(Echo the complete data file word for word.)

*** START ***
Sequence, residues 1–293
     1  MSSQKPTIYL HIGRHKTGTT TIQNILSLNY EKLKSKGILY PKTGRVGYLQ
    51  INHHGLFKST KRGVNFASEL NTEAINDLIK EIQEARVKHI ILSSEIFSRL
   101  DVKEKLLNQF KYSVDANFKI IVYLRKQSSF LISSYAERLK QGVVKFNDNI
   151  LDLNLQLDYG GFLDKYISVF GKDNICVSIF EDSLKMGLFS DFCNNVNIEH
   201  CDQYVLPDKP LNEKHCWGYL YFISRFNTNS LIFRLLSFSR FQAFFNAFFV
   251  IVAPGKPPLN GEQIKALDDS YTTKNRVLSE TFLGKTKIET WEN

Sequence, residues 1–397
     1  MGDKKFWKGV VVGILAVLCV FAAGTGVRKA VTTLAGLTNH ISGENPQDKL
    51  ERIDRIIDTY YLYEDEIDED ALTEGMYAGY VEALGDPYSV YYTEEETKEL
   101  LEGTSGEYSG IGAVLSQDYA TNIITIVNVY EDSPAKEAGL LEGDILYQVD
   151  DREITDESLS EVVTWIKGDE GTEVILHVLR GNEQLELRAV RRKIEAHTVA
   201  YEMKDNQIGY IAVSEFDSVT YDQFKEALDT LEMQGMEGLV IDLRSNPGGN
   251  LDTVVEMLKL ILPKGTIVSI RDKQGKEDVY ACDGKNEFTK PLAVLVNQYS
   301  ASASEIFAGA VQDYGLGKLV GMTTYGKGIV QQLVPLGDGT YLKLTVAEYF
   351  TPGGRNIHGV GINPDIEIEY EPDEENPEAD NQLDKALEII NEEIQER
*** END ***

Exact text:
Sequence, residues 1–293
     1  MSSQKPTIYL HIGRHKTGTT TIQNILSLNY EKLKSKGILY PKTGRVGYLQ
    51  INHHGLFKST KRGVNFASEL NTEAINDLIK EIQEARVKHI ILSSEIFSRL
   101  DVKEKLLNQF KYSVDANFKI IVYLRKQSSF LISSYAERLK QGVVKFNDNI
   151  LDLNLQLDYG GFLDKYISVF GKDNICVSIF EDSLKMGLFS DFCNNVNIEH
   201  CDQYVLPDKP LNEKHCWGYL YFISRFNTNS LIFRLLSFSR FQAFFNAFFV
   251  IVAPGKPPLN GEQIKALDDS YTTKNRVLSE TFLGKTKIET WEN

Sequence, residues 1–397
     1  MGDKKFWKGV VVGILAVLCV FAAGTGVRKA VTTLAGLTNH ISGENPQDKL
    51  ERIDRIIDTY YLYEDEIDED ALTEGMYAGY VEALGDPYSV YYTEEETKEL
   101  LEGTSGEYSG IGAVLSQDYA TNIITIVNVY EDSPAKEAGL LEGDILYQVD
   151  DREITDESLS EVVTWIKGDE GTEVILHVLR GNEQLELRAV RRKIEAHTVA
   201  YEMKDNQIGY IAVSEFDSVT YDQFKEALDT LEMQGMEGLV IDLRSNPGGN
   251  LDTVVEMLKL ILPKGTIVSI RDKQGKEDVY ACDGKNEFTK PLAVLVNQYS
   301  ASASEIFAGA VQDYGLGKLV GMTTYGKGIV QQLVPLGDGT YLKLTVAEYF
   351  TPGGRNIHGV GINPDIEIEY EPDEENPEAD NQLDKALEII NEEIQER